MoneyUnder30.com
MoneyUnder30.com

The U.S. Credit Market is Closed to People with No Credit


I received a comment the other day on an old post (Have You Said “No, Thank You” To Credit Cards?) that I think everybody should read. Despite this reader’s best intentions to avoid credit (and essentially boycott the credit card industry), he’s now stuck unable to buy a home at age 29 even though he has $20k saved. Even worse, he can’t even get a simple low limit credit card to begin building credit. To him, and presumably many other Americans, the credit market is totally closed. Read his story now:

I am 29 years old and I’ve never had a credit card.

Ever since high school I’ve known that the entire credit industry is a scam, that interest rates and fees are a shell game, and that once you fall just a little bit behind, it can be impossible to catch up. I’ve seen friends get into serious trouble with cards, and think they could solve the problems with more cards. I’ve always been perfectly happy without a card, and only use my debit card for online/phone purchases. Phone bills, insurance, etc comes directly out of my account. Here’s the rub… I’m in the process of trying to buy my first house, and while I have managed to save $20,000 for a down payment, I can’t get a loan because I have no credit score. For the last month, I’ve been running around and racking my brain trying to figure out how to get credit.

The credit market in the US is CLOSED! No one seems to understand this. The card issuers are up on capitol hill screaming and threatening and begging to continue the shell game, and meanwhile they’re purging their books, lowering limits and raising interest rates, and issuing a hell of a lot less cards. You can’t get a new card in 2009 without PERFECT credit. People are giving me well-meant advice, which would have been good back in ‘05, but which is not relevant today. Things like “get a store card or a gas card.” Store cards are extinct. Done. They bit the dust. Stores like best buy and home depot have cards issued by major banks, which are not easier to get.

I can’t even finance a piece of furniture. Its all run by Wells Fargo, and requires a credit score. I’ve even been turned down for a secured card by Bank of America. Bank of America needs $34 billion to stay solvent, and when I offered them $500, they said no thanks. Bottom line, having no credit card bill is great, but its all set up for us to be owned by about 12 banks. You can play their game and win it (by managing your credit according to the FICO computer’s logarithm) or you can stay outside the system completely. There is no happy middle.”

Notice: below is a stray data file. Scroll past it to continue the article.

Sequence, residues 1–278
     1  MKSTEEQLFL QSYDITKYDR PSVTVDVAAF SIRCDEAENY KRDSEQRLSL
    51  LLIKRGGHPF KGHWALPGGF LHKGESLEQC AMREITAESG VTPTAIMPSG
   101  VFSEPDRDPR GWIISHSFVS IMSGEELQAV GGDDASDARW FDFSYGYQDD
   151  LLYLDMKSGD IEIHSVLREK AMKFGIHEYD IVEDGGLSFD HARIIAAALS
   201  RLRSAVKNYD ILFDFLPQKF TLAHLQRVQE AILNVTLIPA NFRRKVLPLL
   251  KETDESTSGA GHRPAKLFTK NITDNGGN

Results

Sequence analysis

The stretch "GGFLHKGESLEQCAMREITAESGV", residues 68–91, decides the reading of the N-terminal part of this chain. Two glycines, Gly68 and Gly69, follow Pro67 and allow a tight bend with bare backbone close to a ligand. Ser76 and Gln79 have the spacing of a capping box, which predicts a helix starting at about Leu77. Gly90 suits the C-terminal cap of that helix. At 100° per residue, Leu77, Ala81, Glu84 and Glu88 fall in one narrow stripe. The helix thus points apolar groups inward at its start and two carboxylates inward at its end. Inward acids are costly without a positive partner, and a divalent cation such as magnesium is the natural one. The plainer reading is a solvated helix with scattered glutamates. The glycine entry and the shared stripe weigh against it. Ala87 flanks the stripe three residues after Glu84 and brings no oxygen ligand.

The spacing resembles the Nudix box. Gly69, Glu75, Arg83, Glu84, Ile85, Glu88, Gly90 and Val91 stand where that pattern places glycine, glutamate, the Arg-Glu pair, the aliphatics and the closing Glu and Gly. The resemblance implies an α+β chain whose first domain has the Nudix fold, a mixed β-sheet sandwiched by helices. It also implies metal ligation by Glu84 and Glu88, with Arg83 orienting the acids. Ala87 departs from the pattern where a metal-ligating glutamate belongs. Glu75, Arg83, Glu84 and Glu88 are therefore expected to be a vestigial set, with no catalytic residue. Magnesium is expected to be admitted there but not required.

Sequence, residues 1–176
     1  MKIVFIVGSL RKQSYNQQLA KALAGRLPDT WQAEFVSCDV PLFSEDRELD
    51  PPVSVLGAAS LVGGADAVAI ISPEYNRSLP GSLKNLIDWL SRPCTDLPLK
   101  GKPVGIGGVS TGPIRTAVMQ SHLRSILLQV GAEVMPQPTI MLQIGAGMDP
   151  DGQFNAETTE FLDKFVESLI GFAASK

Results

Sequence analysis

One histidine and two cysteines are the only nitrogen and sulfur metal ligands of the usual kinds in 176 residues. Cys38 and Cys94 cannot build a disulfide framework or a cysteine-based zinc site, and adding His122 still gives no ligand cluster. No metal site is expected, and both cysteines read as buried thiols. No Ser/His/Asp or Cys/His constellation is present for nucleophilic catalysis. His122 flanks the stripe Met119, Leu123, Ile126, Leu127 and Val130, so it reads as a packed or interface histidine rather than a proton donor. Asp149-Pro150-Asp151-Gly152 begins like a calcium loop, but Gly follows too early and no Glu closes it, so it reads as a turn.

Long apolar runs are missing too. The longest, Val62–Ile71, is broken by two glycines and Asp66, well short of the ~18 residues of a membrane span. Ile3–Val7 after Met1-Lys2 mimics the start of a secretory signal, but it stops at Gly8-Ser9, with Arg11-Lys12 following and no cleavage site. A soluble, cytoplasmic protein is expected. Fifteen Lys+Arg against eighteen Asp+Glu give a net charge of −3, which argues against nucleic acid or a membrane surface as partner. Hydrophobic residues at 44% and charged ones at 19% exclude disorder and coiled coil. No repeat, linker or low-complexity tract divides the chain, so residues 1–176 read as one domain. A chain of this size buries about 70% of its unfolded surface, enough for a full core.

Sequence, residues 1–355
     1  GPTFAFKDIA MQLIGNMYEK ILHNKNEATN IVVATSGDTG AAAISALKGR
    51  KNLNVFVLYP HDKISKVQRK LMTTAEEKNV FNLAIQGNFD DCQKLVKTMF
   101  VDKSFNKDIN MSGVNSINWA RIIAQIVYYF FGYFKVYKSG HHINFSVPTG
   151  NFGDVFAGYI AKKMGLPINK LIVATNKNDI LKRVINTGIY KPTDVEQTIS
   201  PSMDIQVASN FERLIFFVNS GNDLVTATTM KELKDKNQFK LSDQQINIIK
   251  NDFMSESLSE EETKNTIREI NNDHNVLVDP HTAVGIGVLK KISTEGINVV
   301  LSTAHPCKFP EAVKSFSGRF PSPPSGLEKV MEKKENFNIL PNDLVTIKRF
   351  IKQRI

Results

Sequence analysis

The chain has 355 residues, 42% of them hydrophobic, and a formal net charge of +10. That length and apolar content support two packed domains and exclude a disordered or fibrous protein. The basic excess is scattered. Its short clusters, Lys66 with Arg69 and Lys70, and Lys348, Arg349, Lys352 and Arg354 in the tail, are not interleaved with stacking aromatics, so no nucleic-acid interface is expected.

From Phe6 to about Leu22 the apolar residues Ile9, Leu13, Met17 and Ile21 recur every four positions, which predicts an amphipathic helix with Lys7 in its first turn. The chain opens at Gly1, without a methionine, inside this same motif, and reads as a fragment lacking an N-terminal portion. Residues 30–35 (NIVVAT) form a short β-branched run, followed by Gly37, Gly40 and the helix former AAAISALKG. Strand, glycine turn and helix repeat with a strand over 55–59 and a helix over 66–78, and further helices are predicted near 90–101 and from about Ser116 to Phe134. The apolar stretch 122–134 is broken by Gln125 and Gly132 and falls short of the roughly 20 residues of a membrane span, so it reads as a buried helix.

I have to sympathize with this reader. It’s unfortunate, but it is a reality that you have to play the credit game if you want to own your home before you can pay cash (which, for most of us, would take decades). I offered some suggestions on how to build credit from scratch the other day, although it seems like this reader is trying many of these suggestions and striking out.

What would you recommend he do?

Get access to our best money hacks:

Join over 11,000 other young professionals and learn how to get out of debt by 30, increase your income this year and invest for financial freedom.




100% free! I will NOT spam you and I will NOT share your email.

About David Weliver

David Weliver is the founding editor of Money Under 30. He's a cited authority on personal finance and the unique money issues we face during our first two decades as adults. He lives in Maine with his wife and two children.

Comments

  1. I’ve always heard that when in this situation you would need to find a mortgage company that does manual underwriting. You may have to be really persistent with the mortgage companies out there because they don’t like to do this since it causes more work on their part. I would make sure when you talk to the mortgage company you speak with someone in management about this possibility. Not all mortgage companies use manual underwriting nowadays so you may have to ask quite a few. I would think with the housing market the way it is though, that it would be worth it.

    In addition to this I did some googling and found a good article about manual underwriting here: http://antishay.com/?p=120

  2. Jonathan says:

    Has he tried getting a credit card through his bank? I assume (perhaps incorrectly) his 20k isn’t in cash in a box under his bed. Perhaps he could go to a branch and state his intentions to the branch manager. Indicate that he is looking to get a credit card to build his credit, note that he has 20k in their bank and that he’d like to get a mortgage with the bank as well.

    I have everything at one bank, and have for almost 15 years and they treat my like royalty. YMMV of course.